There have been a lot of “I’m leaving government posts” recently.
It feels a bit weird because I’ve been trying for years to get in.
I don’t think I ever had a master plan, but looking back there were some interesting moments that lead me here. So here goes…
My first design job
When I first started in design, back in 2004, I remember worrying that being a designer was a soulless profession.
My parents were both in healthcare. And there I was; designing little websites and putting client’s logos on promotional mugs.
I failed to see how I was helping to make the world a better place.
There was something about web design that drew me in though. I started to get excited about the open source movement, and how the web enabled anybody to publish and share content.
Public services designed without designers (gasp!)
Fast forward a couple of jobs and I was working at a branding agency. We were conducting stakeholder interviews with a Welsh public sector organisation.
They were showing us their latest software and it was painfully obvious that there were no designers working with their teams.
They just didn’t see design as something that should be integrated into the software development process.
It freaked me out.
These were services that I might need to use one day. I could see that they weren’t following any kind of usability or web standards.
I knew I had the skills to help, but I had no idea how to get involved.
Government Digital Service (GDS)
Luckily there were a bunch of people who were figuring it out for me.
GDS was starting to make a real buzz in the web design community and I instantly fell in love with their world of design principles, service standards and laptop stickers.
Something clicked, and I realised that I could be a “web” designer and still do work that matters. I just needed a way for a massive public sector organisation to hire me.
Also, I didn’t want to move out of Swansea. Hmm.
Comrade Paul Pod
A while later I was freelancing and I came across a tweet by Paul Pod. He was looking for user experience (UX) people in South Wales to join him at DVLA. We met a couple of times and chatted about the possibility of me working with him. For one reason or another it didn’t really go anywhere.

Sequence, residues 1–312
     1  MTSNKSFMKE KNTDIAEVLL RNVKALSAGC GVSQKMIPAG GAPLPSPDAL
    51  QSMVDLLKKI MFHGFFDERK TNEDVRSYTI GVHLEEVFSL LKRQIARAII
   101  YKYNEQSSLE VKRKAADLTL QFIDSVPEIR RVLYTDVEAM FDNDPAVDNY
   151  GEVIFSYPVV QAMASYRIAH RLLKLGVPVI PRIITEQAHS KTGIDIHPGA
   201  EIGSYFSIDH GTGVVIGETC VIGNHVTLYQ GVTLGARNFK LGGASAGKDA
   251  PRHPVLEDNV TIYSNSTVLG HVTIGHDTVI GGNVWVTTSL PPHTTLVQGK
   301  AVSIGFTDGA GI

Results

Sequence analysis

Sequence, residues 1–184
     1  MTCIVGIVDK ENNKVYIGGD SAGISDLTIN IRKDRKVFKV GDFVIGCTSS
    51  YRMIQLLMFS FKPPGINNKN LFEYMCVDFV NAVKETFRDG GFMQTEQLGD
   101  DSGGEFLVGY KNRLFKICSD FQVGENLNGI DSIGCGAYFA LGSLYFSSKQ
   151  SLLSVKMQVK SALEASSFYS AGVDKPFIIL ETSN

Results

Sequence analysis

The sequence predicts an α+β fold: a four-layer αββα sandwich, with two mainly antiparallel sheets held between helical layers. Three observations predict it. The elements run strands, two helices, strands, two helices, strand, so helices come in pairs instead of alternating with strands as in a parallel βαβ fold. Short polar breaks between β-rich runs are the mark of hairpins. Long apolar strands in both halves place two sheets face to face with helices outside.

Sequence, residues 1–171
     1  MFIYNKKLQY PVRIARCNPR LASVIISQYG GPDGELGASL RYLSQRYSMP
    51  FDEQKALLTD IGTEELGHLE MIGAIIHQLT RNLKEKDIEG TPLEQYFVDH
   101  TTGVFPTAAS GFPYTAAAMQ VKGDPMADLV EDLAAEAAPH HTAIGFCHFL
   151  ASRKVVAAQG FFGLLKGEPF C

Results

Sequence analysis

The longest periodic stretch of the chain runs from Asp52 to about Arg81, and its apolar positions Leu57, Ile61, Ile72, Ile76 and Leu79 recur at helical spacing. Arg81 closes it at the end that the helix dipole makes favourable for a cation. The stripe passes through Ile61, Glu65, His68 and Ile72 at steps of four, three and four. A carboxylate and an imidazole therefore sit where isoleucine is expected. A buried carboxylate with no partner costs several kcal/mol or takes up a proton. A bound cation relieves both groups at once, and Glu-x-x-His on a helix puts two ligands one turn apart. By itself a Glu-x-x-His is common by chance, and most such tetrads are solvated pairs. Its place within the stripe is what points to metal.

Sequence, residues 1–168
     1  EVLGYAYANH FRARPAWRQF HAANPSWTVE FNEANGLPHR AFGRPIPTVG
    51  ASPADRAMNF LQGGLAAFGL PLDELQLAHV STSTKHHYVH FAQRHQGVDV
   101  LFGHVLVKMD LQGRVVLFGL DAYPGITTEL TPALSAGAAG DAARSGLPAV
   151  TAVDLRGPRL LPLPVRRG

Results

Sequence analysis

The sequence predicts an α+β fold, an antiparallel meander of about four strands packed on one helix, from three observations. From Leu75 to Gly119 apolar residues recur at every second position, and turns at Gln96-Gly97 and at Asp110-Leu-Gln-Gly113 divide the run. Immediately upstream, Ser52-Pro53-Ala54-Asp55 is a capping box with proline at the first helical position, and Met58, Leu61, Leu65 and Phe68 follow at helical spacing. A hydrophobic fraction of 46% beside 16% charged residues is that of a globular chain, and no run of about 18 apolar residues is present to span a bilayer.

I think often, the easiest way to get into these types of roles is to be contracted in as part of a big external software agency.
Leadin and DVLA
As luck would have it, Leadin (a Finnish service design company) were establishing themselves in the UK with Swansea as their base. They’d won a contract with DVLA and hired me to work with their other UX designers.
For about a year I worked at DVLA as a Leadin employee. With the support of Leadin and Paul Pod, I got to grips with working in government on digital service design.
I became hooked on the ways of working that GDS helped introduce:
- user needs
- designers working in agile teams
- rapid prototyping
- design patterns
- laptop stickers
It was addictive. I realised that somehow, I needed to keep working in this way.
Matt Jukes’ talk at Design Swansea
I’d seen Matt Jukes speak at Port80 back in 2014. Little did I know back then that I’d end up working on the new website he’d helped to launch.
In 2016 I asked him to speak at Design Swansea (a meetup that I help organise). He gave his product is a team sport talk.
He painted a picture of the culture at ONS, especially within the digital publishing department.
He spoke about:
- the digital publishing department’s principles
- taking time to hire the right people
- posters on walls
- blogging and working in the open
- also, he brought laptop stickers
All this stuff rang true for me, and I remember thinking that I really wanted to work there.
A few months later they posted a job, I had to try applying.
So, I’ve been at ONS for about 4 months now.
Working with service manager Andy Dudfield and his team in the digital publishing department.
Why is it so great? It combines the best bits of all my previous jobs and more:
- I get to work with a talented, engaged team … on stuff that matters
- the work is constantly challenging and the standard is high
- we are encouraged to work in the open and share what we do
- nobody is micromanaged or forced to do overtime
… and there are loads of laptop stickers.